How much does the EU cost in the South?
During this referendum campaign you will hear many claims of how much the EU costs, and how much benefit we derive.
Some will be in Euros, some in Sterling, some will be real-terms adjusted for inflation, others will be back-of-the fag packet guesstimates.
And all these claims will be misleading.
Even if you can you get your head around what "X squillion Euros" is worth when it's spread across the 503 million inhabitants of 4 million square kms of land even Jean-Claude Juncker would struggle to get a perspective that can properly appreciate all the costs and benefits to each of the 28 countries from any given act of Brussels.
So we will have to vote on our gut feeling.
In the south of England we are closer to the continent than the rest of the UK. It is easier for us to cross the channel, and yet that seems to give us a more Euro-sceptic gut.
At the last election we elected more UKIP MEPs than any other party, including their leader Nigel Farage, with 32% of the vote, Conservatives came second with 31% and Labour third on 15%.
The EU spends less of its development money on us than other parts of the UK. These blue flags announcing the arrival of a Euro-grant are more commonplace in Burnley than Basingstoke.
As one of the most prosperous parts of the UK, are we more confident about any economic impact of leaving the EU? Are we more worried about issues like immigration with Calais on our doorstep?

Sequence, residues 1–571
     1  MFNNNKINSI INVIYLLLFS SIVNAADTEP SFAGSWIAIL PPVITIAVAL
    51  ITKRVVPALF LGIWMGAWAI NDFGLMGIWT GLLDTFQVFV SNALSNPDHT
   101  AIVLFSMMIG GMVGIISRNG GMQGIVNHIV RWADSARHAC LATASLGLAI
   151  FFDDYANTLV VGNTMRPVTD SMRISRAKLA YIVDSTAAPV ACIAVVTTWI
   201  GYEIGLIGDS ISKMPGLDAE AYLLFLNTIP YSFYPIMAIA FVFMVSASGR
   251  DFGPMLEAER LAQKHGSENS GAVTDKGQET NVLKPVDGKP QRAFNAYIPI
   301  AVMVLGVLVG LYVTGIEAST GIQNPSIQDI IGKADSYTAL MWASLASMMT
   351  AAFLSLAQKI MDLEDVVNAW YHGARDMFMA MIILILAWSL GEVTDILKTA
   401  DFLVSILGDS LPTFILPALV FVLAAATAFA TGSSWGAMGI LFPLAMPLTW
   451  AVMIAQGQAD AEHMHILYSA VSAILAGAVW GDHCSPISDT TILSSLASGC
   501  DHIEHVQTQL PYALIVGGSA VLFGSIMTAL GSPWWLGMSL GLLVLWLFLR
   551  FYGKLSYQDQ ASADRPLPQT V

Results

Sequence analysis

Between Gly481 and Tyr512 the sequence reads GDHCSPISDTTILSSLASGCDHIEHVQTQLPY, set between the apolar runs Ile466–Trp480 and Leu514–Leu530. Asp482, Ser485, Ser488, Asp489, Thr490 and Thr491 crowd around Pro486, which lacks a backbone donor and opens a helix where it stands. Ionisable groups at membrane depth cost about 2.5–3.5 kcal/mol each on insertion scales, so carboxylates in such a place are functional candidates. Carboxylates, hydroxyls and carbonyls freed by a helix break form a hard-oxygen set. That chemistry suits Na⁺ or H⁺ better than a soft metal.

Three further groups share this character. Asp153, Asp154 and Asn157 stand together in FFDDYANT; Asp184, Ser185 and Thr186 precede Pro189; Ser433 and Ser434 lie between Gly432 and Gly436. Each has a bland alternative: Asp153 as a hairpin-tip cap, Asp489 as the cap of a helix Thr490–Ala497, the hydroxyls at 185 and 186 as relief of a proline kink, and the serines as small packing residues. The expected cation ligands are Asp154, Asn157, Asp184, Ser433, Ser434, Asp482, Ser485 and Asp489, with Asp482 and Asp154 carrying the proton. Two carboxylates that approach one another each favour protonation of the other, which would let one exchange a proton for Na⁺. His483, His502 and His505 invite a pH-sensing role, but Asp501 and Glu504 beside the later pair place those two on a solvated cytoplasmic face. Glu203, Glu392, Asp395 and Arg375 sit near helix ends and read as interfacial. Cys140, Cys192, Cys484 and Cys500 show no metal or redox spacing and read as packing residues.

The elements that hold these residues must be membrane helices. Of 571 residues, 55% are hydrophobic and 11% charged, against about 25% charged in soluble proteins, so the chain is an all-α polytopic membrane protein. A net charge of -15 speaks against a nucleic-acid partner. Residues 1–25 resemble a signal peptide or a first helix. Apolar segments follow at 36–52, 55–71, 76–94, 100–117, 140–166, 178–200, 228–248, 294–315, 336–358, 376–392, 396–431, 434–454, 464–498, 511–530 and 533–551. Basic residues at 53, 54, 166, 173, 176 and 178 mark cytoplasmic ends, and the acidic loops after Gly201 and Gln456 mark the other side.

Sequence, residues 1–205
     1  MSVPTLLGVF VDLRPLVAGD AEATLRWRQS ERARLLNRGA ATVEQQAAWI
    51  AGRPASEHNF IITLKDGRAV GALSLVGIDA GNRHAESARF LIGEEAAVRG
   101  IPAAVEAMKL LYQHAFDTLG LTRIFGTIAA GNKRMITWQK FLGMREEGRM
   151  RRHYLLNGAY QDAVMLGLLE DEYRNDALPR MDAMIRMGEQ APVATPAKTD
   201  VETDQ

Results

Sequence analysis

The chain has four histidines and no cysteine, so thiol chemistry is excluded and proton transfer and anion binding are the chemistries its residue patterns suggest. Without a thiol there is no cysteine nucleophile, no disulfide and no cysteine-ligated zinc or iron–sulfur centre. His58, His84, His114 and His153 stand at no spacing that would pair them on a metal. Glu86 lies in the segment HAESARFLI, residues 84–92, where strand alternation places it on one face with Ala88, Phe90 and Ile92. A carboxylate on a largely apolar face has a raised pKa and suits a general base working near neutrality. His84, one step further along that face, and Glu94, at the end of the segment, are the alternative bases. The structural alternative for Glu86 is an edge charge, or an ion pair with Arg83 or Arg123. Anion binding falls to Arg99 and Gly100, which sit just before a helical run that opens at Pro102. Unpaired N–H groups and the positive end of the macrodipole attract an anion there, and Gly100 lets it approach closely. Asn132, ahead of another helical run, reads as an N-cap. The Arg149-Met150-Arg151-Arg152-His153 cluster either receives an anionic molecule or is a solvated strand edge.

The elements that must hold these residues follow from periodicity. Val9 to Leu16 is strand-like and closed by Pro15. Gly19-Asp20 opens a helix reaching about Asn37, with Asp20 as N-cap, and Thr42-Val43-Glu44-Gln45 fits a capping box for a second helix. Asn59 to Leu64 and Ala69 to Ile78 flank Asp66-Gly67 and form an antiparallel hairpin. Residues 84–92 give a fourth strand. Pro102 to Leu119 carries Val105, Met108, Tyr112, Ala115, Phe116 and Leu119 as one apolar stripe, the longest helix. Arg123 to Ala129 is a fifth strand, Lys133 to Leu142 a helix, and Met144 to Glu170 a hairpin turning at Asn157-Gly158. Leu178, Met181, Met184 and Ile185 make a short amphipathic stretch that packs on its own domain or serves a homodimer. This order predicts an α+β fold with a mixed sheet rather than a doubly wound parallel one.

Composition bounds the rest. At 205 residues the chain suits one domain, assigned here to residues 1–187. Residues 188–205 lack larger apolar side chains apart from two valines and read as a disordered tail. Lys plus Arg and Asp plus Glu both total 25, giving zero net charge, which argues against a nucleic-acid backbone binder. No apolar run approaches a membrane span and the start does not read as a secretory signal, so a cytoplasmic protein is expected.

Or with London up the road should we worry that the City stands to lose heavily if Paris or Berlin hijack its financial position?
The last remaining Liberal Democrat MEP Catherine Bearder is elected by south-east England voters. She publishes a list of top 10 "myths" about the EU and her number one is Brussels bureaucrats impose laws upon us and we have no say in it.
This she says is not true because the commission has no powers to impose law on EU countries, it can only propose legislation.
And yet others would point to David Cameron's desperate struggle to gain compromises from the other states.
Sceptics would argue his pleading and the sheer hard work he's had to put in to gain concessions show clearly how much power has been lost.
It may prove just as difficult for pollsters to predict the gut feeling to work who wins or loses.
So how about this analysis: It's going to be Bank versus Bus.
How ever much we grumble about our bank it's true the bother involved puts many of us off the idea of change. So the bank theory goes, in the end we won't vote to leave the EU.
Conservative MEP Dan Hannan offers the bus theory instead. If you find yourself on the wrong bus, heading away from where you want to go, you should get off at the first available stop.
Bank or Bus. It's got to be better than counting those Euro grants.